In total, for the four federal agencies considered, 44% of all federal lands had resource potential for at least solar, wind, or geothermal. The remaining 54% of federal lands are characterized in the figure as “other federal lands (not suitable)”. Summarized in Table 3, the estimated upper bound of technical development potential varies by a factor of ten when a technology with a smaller spatial extent for the same capacity is chosen over a technology with a larger spatial extent. For example, when a low-density technology is given precedence where two or more resource types are available, there is 20 to 40 GW of hosting capacity potential on Bureau of Reclamation lands. When the high-density technology is given precedence where two or more resource types are available, that hosting capacity potential increases to 100 to 300 GW. However, the ranges shown illustrate that there is still a broad range in the estimates for potential hosting capacity when two capacity densities (low and high) are modeled for each technology (shown in Table 2). This analysis shows that the choice of energy technology is a larger factor in determining the total estimated capacity generation than the range in capacity density assumptions for a given technology.  

Federal AgencyLow-density technology chosen when resource availableHigh-density technology chosen when resource available 
Total Estimated Generation Capacity (GW) (range represents low to high capacity density assumptions for each technology)  Total Estimated Generation Capacity (GW) (range represents low to high capacity density assumptions for each technology)   
Bureau of Land Management 2,100 – 3,50013,800 – 23,300
Bureau of Reclamation20 – 40100 – 300
Department of Defense230 – 2401,300 – 1,500
Forest Service 1,200 – 1,300 6,800 – 7,600
Total3,550 – 5,08022,000 – 32,700
Table 3. Summary of hosting potential for BLM, USBR, DOD, and USFS across four scenarios, summarized in two sets of ranges by combining a low and high capacity density factor by land area with various technology choices when more than one technology option is available for a given area (based on resource suitability). The “low-density technology” estimates represent the assumption that the “low” density technology is chosen if multiple options overlap (i.e., if electing between wind or solar in an area where both resources are available, choosing to deploy wind), for a range of capacity factors for each technology (low to high) summarized in Table 2. The “high-density technology” estimates represent the assumption that the “high” density technology is chosen if multiple options overlap (i.e., if electing between wind or solar in an area where both resources are available, choosing to deploy solar), for a range of capacity factors for each technology (low to high) (refer to values summarized in Table 2 for capacity density ranges). Note all values rounded to three significant figures. More granular data is available upon request.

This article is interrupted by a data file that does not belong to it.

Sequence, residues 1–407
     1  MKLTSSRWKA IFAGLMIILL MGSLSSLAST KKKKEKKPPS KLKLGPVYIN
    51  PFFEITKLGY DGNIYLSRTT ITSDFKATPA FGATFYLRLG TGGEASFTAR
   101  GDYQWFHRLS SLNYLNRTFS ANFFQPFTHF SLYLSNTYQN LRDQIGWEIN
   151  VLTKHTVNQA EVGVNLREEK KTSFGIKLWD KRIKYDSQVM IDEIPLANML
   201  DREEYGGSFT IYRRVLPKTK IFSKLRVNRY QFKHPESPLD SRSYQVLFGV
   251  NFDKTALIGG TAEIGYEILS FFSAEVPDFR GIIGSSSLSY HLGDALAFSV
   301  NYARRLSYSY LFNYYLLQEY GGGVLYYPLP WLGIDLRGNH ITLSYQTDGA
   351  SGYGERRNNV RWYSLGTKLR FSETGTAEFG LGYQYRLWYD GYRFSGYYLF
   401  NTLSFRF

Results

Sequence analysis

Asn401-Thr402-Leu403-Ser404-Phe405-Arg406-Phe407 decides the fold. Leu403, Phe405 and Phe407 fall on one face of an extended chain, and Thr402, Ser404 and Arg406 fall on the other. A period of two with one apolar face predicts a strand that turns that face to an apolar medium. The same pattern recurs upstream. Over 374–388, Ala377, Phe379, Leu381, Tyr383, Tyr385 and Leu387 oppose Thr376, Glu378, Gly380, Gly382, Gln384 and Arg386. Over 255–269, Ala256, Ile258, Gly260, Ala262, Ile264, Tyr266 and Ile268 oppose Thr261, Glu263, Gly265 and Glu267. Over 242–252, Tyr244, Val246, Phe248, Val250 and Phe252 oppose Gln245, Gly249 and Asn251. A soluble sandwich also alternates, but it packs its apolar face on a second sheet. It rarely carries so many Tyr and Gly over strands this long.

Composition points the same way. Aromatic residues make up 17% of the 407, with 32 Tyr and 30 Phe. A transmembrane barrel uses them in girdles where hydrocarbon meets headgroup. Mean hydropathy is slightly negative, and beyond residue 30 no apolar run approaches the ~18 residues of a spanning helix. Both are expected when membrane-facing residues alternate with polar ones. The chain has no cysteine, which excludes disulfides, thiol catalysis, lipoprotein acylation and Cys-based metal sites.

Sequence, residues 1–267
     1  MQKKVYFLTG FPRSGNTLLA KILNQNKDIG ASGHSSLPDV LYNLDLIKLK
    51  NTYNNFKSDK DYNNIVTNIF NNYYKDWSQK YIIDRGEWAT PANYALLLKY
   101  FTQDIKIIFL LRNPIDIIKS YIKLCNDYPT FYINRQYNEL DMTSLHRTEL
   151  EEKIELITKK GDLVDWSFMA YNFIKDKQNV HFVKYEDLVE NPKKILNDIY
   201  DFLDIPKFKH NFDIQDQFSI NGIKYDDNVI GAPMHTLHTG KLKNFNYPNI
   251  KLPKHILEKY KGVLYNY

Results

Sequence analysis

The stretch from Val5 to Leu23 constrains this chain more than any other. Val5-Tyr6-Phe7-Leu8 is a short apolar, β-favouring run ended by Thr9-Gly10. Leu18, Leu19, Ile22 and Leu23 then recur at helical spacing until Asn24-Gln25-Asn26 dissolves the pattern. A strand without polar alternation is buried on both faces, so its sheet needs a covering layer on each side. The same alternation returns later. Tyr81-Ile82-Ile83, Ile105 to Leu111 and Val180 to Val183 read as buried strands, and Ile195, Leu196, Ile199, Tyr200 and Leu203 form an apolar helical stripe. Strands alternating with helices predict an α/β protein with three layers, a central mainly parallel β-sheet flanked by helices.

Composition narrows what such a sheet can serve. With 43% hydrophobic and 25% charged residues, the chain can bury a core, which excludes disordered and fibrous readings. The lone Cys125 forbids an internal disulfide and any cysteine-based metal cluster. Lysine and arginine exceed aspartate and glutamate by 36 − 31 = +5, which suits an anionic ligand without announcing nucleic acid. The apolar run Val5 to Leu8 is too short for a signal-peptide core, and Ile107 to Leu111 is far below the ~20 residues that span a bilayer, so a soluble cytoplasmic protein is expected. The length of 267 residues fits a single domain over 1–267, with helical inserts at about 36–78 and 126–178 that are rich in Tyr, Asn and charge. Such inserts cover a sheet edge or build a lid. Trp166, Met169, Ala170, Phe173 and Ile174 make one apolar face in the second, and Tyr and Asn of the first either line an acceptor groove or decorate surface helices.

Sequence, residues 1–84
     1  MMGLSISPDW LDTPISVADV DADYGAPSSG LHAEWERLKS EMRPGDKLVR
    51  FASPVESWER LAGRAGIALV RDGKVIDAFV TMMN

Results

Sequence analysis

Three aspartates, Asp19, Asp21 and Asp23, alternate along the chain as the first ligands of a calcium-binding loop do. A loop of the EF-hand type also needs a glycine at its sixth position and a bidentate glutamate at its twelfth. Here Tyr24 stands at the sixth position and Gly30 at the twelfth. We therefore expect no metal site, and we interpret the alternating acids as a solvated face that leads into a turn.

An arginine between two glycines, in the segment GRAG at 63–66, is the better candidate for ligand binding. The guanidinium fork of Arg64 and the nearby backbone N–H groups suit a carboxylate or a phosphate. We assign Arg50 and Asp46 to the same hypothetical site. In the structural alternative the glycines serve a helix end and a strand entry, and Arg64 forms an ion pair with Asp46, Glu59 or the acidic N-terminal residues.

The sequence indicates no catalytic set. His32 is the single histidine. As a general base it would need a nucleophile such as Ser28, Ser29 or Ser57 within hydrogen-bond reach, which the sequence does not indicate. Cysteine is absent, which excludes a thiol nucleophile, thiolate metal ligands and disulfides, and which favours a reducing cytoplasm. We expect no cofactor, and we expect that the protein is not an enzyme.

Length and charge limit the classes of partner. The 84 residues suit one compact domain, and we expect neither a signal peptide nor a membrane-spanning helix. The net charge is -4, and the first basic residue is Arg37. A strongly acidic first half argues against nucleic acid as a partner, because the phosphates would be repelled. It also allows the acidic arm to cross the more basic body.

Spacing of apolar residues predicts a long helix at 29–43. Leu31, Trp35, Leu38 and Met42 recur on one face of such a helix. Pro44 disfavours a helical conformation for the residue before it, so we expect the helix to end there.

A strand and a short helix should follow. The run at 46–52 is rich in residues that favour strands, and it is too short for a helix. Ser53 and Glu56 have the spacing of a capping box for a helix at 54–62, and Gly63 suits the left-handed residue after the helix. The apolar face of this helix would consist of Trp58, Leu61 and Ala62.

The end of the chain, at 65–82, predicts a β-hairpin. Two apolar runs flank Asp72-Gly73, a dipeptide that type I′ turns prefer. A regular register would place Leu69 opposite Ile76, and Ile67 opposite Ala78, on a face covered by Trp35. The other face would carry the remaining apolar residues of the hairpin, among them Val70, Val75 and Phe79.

Our estimate of technical potential for clean energy deployment on federal lands, and specifically BLM lands, is several orders of magnitude larger than the current target.  

When applying the low estimates for capacity density by land area for each technology type and choosing the least land area dense technology where technical potentials overlap, we calculate that there is an estimated 2,100 GW of potential energy generation from of wind, solar, and conventional geothermal on BLM lands. The total estimated technical potential for energy generation across the four agencies for this “low-low” scenario is just over 3,500 GW. To put that into context, as of February 2023, there was an estimated 1,300 GW of generation capacity installed across the entire United States. These findings suggest that appropriately selected federal lands, with the wealth of technical resource potential characterized above, could play a larger role in hosting critical clean energy infrastructure. 

BLM is on-track to meet its current “25 GW by 2025” clean energy target and other agencies are making progress.